Due to ecological and economical requirements in aerospace and automotive applications, lightweight materials, e.g. aluminum alloys, are used to a wide extent . To extend the specific properties of future components, reinforcing elements like fibers, whiskers or particles can be added to the metal matrix, resulting in e.g. increased Young´s modulus, or creep resistance. Metal matrix composite (MMC) structures are in most cases designed assuming homogeneous mechanical properties, i.e. not taking explicitly into account the distinct differences in local mechanical properties of brittle particles and ductile matrix . Hence, there is still potential for improved design approaches for lightweight design using such multiphase materials.
In the present work, aluminum matrix composites (AMC) consisting of an AA2124 aerospace wrought aluminum alloy matrix reinforced by silicon carbide particles (SiC) with a nominal volume content of 17 % are investigated. The AMC is manufactured by powder metallurgy and supplied as extruded bars in the heat-treatment condition T6 (solution-annealed and artificially aged).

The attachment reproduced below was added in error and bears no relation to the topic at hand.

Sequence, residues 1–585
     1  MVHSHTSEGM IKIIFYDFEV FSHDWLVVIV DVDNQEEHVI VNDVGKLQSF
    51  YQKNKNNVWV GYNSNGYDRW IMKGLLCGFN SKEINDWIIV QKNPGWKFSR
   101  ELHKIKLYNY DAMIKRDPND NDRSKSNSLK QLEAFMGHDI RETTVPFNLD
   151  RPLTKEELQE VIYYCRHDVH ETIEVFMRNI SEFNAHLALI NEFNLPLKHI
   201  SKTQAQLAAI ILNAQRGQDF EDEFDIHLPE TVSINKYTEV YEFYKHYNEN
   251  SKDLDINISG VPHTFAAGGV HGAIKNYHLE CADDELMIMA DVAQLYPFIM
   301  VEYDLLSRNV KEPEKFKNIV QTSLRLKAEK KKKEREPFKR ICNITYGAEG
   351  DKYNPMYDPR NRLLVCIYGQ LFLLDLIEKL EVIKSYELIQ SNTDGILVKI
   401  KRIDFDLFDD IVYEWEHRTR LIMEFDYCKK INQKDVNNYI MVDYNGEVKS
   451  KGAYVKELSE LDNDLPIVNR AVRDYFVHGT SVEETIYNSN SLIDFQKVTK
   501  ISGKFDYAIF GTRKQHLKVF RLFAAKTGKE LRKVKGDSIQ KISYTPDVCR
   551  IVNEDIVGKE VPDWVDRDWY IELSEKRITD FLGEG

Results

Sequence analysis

The local deformation behavior is investigated by an in situ mechanical loading system mounted in a scanning electron microscope (SEM). Monotonic and cyclic experiments were realized on notched AMC samples. This allows an in situ digital image acquisition in defined deformation states to monitor the microstructural changes at the surface by high resolution micrographs. These image sequences are the basis for a highly sensitive computation of local displacements and strains as well as resulting crack paths by a variational method from mathematical image analysis .
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 Balle, F. et al: Computation and Visualization of Local Deformation for Multiphase Metallic Materials by Infimal Convolution of TV-type Functionals, Fifth International Conference on Scale Space and Variational Methods in Computer Vision (SSVM), Lège Cap Ferret, France, May 31 – June 04, 2015